Monday, March 19, 2012

Ignore Grammar Rules?

You know, some people are like the grammar police and cringe everytime a tiny mistake is made in writing. Other people say that you can only break the grammar rules once you've mastered them and know what you're doing. And some others think they can simply pretend to have mastered the rules so that they can break them without knowledge or intention.


I recently read in WRITER'S DIGEST magazine: "Go ahead: End a sentence with a preposition. Liberate yourself from 10 needless nagging worries. When you return to your writing, you may just find your creativity has increased--tenfold!" (WD Magazine, September 2011, p.5).

While I agree that during the drafting process you shouldn't worry about grammar ... just be free and write ... I also think that during revisions you need to buckle down and make sure you've got it correct in the places that matter most. And when you break the rules, do it intentionally and with purpose.

Do you worry about grammar while writing your first draft?


  1. I don't purposely try to break the rules but sometimes I do. Do I feel liberated? I'm not sure that's the exact word I'd choose.

  2. I think grammar is majorly important, but I don't necessarily sweat about it during the first draft. I worry more about it when I'm editing. :)

  3. I find it difficult to write a first draft without editing it - I know, I know! So... I guess I sort the grammar out as I go along. If something ends up sounding pompous to my ears with the grammar corrected, I just re-do the sentence. I don't like rules as a rule, but bad grammar can sound so amateurish! (Please don't check this comment for grammatical errors!)

  4. Yes I do. Too much! I think it's because I'm currently finishing my English degree. I'm paranoid about grammar because I need those A's!!

    But I try to tell myself while drafting to just get the story out. That I can bring out the red pen later. Easier said than done, but excellent advice!


  5. I'm not one who cringes. I spot grammar mistakes but I'm not anal about them. I do try to use proper grammar as much as I can and in line with character voices.

    There are times when ending a sentence with a preposition is fine, especially when rewriting the sentence and word choices needed to do it, would be too cumbersome. We're writing fiction, so why would I use major compound sentence so as not to leave the prep on end, when I can just let it be. lol!


  6. I sort of watch what I'm writing, but usually I just plow forward, grammar mistakes and all.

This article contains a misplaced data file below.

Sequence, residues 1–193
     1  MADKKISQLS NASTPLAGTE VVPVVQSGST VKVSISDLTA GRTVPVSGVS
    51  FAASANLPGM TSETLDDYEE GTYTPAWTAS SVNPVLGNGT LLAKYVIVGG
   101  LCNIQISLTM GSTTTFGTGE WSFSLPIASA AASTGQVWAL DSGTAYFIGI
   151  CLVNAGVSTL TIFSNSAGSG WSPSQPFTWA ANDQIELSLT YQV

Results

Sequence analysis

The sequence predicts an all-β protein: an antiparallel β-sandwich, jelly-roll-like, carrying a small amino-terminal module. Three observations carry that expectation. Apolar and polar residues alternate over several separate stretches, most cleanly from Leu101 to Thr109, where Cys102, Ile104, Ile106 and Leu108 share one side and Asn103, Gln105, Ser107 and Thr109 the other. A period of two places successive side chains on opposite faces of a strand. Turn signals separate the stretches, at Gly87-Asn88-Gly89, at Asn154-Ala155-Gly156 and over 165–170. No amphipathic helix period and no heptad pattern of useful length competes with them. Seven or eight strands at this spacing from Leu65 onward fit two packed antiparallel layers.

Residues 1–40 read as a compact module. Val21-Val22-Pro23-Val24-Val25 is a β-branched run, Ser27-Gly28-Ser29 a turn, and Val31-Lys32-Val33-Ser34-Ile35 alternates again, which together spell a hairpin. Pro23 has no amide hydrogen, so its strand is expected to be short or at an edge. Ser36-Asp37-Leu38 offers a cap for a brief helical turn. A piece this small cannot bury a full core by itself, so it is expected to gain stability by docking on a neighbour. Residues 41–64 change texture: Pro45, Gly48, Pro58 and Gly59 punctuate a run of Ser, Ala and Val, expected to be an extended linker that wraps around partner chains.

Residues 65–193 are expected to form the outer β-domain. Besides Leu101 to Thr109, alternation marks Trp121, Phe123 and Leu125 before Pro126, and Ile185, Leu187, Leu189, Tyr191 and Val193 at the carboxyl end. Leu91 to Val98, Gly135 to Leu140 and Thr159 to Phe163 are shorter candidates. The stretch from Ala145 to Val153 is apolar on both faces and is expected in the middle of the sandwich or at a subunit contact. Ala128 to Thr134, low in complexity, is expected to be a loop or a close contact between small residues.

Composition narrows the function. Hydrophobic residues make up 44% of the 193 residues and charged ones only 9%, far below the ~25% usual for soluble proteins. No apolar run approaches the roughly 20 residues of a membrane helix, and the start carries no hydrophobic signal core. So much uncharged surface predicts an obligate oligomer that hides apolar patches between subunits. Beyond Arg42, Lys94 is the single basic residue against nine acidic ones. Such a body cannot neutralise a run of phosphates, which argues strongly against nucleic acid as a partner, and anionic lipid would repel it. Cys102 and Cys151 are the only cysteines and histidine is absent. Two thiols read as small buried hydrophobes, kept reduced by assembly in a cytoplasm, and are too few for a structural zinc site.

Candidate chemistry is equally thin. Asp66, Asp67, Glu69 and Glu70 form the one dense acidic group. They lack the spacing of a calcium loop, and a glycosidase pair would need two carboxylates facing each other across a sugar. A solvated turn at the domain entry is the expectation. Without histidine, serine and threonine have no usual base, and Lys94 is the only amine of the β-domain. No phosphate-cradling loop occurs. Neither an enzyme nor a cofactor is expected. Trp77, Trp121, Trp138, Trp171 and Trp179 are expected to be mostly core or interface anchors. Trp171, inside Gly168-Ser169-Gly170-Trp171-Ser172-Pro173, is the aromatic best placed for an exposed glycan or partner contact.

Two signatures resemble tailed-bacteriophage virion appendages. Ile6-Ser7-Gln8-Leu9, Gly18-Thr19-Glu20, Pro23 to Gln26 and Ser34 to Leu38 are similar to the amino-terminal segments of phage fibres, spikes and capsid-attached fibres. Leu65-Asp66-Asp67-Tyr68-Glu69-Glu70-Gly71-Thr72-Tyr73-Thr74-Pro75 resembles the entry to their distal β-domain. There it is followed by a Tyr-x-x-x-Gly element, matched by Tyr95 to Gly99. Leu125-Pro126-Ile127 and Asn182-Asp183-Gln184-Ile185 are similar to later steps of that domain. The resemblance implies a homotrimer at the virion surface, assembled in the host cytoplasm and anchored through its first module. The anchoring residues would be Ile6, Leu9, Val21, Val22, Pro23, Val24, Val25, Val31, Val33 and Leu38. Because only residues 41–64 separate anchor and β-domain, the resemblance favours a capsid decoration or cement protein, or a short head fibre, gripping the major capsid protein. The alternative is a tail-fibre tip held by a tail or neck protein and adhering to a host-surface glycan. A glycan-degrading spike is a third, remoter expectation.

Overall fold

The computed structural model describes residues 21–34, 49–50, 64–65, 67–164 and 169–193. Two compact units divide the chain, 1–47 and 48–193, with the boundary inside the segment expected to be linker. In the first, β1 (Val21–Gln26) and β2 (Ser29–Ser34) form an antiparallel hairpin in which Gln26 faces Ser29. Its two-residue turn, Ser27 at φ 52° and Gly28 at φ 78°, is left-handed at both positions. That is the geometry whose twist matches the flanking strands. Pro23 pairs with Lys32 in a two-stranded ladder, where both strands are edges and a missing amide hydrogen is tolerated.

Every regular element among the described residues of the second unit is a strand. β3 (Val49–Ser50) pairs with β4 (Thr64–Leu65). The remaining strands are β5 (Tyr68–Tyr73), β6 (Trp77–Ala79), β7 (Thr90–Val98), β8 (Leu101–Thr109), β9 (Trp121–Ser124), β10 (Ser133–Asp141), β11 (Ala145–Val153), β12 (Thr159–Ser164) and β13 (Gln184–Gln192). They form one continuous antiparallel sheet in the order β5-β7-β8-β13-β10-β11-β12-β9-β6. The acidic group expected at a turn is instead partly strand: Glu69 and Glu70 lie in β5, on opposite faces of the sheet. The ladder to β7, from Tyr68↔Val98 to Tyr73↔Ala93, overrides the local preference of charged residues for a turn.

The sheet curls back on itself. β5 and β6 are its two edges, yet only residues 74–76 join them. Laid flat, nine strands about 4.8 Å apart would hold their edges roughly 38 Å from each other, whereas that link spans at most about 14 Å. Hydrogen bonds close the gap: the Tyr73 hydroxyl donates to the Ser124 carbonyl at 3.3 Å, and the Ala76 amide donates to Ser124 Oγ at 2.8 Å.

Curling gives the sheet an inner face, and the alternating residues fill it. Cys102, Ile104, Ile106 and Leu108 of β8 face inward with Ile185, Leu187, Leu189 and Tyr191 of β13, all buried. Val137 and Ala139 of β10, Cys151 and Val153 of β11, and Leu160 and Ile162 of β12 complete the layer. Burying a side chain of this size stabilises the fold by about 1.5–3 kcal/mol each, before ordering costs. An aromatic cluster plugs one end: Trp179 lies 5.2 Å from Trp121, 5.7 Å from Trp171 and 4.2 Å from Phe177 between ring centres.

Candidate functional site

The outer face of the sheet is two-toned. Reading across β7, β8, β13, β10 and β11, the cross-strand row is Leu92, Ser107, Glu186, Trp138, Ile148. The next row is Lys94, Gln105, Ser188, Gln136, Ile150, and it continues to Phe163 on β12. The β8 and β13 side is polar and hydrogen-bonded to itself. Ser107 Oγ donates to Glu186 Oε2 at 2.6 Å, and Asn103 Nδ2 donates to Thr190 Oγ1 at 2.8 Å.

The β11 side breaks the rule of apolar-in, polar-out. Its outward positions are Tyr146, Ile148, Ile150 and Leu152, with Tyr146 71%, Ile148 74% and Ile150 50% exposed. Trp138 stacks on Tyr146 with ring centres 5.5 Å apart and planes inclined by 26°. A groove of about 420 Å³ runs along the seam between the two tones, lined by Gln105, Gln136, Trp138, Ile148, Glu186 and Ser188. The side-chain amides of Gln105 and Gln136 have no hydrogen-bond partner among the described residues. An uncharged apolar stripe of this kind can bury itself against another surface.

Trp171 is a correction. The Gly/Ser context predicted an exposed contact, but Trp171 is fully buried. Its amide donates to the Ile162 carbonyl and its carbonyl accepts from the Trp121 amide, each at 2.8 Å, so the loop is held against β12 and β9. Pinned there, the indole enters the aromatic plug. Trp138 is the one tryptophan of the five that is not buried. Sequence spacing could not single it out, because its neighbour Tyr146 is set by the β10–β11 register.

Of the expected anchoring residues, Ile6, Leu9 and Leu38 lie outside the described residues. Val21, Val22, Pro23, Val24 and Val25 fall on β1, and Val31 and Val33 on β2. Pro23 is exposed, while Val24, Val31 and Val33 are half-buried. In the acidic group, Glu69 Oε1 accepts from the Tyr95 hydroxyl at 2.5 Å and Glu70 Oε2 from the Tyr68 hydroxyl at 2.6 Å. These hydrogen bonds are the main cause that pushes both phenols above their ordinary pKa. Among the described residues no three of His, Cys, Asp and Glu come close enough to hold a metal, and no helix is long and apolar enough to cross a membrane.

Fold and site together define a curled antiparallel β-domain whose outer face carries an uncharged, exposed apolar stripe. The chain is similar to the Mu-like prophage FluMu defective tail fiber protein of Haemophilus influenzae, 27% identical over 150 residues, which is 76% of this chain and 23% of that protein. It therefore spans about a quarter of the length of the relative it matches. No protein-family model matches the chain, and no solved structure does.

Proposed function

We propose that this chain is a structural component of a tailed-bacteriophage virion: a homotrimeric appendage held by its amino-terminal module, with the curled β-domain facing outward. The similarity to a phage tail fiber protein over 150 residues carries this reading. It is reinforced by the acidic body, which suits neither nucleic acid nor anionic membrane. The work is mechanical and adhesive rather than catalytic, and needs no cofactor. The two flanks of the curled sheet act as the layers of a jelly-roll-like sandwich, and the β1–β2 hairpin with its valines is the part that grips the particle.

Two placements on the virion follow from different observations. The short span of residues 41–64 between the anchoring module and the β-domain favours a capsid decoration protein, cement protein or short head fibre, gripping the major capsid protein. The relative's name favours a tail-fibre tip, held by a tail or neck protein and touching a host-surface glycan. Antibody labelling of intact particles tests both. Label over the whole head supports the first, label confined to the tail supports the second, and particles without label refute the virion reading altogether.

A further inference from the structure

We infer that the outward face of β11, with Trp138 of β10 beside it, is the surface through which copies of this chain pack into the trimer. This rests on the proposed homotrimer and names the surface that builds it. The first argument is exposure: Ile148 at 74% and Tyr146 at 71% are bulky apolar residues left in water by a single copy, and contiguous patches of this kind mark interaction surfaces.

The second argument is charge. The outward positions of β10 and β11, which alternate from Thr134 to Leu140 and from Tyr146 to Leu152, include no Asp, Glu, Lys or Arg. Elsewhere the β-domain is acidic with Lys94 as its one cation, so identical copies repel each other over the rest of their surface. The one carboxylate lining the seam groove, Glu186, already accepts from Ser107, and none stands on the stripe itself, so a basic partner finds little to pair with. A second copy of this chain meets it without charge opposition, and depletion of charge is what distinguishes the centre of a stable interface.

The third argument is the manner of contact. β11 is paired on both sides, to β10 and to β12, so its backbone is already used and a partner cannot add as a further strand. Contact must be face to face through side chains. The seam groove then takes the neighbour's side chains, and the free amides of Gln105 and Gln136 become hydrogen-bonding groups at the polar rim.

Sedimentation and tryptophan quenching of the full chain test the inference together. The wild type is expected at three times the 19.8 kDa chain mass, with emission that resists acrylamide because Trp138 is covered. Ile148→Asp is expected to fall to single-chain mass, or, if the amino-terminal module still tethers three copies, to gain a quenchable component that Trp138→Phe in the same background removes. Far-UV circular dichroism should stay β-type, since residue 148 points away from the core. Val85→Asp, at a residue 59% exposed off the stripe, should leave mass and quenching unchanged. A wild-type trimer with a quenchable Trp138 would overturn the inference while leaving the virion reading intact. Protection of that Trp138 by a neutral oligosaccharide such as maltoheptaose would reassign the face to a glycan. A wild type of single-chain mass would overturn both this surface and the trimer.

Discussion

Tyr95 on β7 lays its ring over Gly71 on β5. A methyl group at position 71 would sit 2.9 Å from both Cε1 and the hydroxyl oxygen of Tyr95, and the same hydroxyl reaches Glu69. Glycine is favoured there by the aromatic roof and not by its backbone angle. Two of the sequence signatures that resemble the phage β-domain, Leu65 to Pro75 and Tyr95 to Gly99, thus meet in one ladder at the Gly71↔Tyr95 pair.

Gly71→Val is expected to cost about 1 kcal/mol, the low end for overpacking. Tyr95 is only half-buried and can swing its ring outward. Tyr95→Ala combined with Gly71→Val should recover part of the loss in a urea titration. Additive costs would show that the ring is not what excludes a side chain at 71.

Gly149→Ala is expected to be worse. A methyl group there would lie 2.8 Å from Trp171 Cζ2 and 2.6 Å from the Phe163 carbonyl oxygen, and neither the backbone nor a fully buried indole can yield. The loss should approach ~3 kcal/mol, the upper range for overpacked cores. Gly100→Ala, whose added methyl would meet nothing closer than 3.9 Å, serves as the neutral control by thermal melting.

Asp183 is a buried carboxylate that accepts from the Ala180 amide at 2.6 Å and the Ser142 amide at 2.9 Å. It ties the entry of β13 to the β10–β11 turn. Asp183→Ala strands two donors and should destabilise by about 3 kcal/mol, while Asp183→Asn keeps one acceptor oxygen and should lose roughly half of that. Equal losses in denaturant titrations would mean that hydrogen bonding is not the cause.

7. I think it's okay to break the rules sometimes, but not too often.

  8. I don't think about it at all during the first draft. No one is going to see that thing but me.

  9. I don't worry about grammar during drafting, but I'm aware of it always. :)

  10. I'm much more flexible with grammar in dialogue. I want it to read how the person speaks, and that often means incorrrectly.

    Moody Writing
    The Funnily Enough

  11. I'm probably going against the flow when I say that I pay attention to the rules right from the outset. I find it easier than going back and correcting everything.

    Having said that, I also find it easy to apply the rules as I write. Spending so many years as a programmer, where you have to pay attention to a vast rulebook of language syntax, it's become second nature.

  12. Not exactly while writing the first draft, though I would definitely revise it and make sure I'm following the rules!

    Anyhow, as an English teacher, it's just natural that I use correct grammar while writing anything, even if it is a first draft or quick notes or what have you.

    Duncan In Kuantan

  13. Yes, I worry too much during the first draft, inner editor over my shoulder. I'd love to go bak to the days of just writing blindly.

    1. Ah! I mean back, not bak. Where's my editor now? Haha.

  14. I'm a bit of a perfectionist, so I do watch for them on the first draft. Slows me down but it's less clean up later.

  15. I do worry somewhat . . . I want to be able to read my first draft through as easily as possible, however, I think being too nit-picky about the grammar in the first draft can take the attention off of the story you're trying to create.